Thursday, December 17, 2015

A Reader Asks... Lesson Framing in Self-Contained Classrooms

A LYS Assistant Superintendent asks the following:


The training that you provided this past summer was great and our staff has worked all semester implementing the Fundamental 5.  With that implementation, we some have questions.
What is the best way to manage “We will” and “I will” statements (Lesson Framing) for grade levels that are self-contained and have several content objectives?

I appreciate any guidance that you may be able to give us.

SC Response
Great question.  I would start with the reminder that the self-contained classroom is inherently unfair for both the teacher and the student.  The teacher is expected to be an expert in all four content areas, plan for all four content areas and deliver, daily, rigorous and engaging instruction in all four content areas.  Yet, Framing the Lesson is where the breakdown occurs?  The better solution is partner pairing, but we can save that concept/practice for a later discussion. 

Start with the understanding that a Lesson Frame frames the big idea or the critical understanding of the lesson.  Which means, especially in elementary classrooms, you don’t frame everything taught during the content time. You frame the most important thing.  So let's say during my Reading/ELA block that my direct teaching addresses reading comprehension, but I will also have a grammar review, centers, individual practice and some pullout groups. Most likely, I will Frame the direct teaching concept. From a practical and observation standpoint, this means that there will be less Lesson Frame / student activity alignment in an elementary classroom than in a secondary classroom. 

Now, the question becomes, "Which content areas should be framed?"  

The answer is (in the self-contained classroom), "The critical content areas.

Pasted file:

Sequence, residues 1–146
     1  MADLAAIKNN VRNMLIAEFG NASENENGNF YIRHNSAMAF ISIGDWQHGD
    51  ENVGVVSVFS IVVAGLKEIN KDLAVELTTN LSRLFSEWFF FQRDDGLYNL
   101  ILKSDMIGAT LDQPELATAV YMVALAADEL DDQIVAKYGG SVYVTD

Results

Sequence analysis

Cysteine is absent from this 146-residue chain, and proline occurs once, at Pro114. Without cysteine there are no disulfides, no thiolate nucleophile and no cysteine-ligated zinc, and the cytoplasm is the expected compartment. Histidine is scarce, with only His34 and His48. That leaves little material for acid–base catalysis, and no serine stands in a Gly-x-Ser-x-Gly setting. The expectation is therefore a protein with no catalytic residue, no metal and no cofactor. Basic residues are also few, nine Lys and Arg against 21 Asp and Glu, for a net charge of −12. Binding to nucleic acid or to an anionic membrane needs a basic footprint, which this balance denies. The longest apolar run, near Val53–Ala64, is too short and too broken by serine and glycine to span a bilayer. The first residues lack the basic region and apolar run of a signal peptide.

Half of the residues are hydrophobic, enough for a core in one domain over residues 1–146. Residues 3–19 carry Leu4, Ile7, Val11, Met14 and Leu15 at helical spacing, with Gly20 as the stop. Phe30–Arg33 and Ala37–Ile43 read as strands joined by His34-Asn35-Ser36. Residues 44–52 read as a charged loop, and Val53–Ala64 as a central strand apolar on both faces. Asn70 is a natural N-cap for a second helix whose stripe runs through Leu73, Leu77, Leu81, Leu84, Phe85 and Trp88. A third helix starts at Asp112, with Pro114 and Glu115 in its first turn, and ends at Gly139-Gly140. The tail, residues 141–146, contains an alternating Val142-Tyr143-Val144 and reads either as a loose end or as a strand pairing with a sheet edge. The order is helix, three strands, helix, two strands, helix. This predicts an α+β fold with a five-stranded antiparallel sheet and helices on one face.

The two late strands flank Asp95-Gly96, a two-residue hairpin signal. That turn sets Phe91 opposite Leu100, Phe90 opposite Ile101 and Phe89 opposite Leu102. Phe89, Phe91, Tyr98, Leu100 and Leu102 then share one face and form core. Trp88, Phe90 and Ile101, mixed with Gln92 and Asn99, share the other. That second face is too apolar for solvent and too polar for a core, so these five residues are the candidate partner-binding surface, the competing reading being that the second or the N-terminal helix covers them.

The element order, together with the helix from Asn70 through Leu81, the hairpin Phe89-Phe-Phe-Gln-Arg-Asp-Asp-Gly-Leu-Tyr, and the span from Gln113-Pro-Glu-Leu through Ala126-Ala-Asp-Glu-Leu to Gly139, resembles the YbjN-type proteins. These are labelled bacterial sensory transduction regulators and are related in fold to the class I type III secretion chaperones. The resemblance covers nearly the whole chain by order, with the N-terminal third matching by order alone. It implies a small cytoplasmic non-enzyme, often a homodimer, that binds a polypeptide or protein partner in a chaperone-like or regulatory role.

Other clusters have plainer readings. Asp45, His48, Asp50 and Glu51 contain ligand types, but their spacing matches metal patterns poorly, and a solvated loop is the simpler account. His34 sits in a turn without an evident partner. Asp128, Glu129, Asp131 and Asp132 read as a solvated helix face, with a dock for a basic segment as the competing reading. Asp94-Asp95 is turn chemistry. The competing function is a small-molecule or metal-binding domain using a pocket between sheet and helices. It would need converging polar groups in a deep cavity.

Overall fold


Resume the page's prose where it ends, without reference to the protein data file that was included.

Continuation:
Depending on the class and the grade the critical content may be just reading and math. Or the critical content could expand to include reading, writing, math, science and social studies.  But to not frame the critical content is not an option.  On this I cannot be more direct. To not Frame is to not prime the brain to be receptive to the learning and to not set up the brain to retain the content.  Which means to purposefully teach poorly. 

Now, if I have assigned my teachers the nearly impossible task of being self-contained, there are three things that I must do to help my teachers. 

1. I must provide them with a common scope and sequence.  I must give them "the What and the When” of instruction if they are to plan for quality delivery in four different content areas.

2. I must carve out time for my teachers to plan and collaborate together.  And I must make sure that they use the time appropriately and effectively.

3. I must visit classrooms to observe instruction and check the Lesson Frames.  If the Frames are not posted, cue the teacher to get them up.  If the Frames are of poor quality, help the teacher revise them. If the Frames are up and of good quality, give the teacher a “Thumbs up.”

I hope this gets you and your team past this little hiccup.  Let me know if you need any more assistance.

Think. Work. Achieve.
Your turn...

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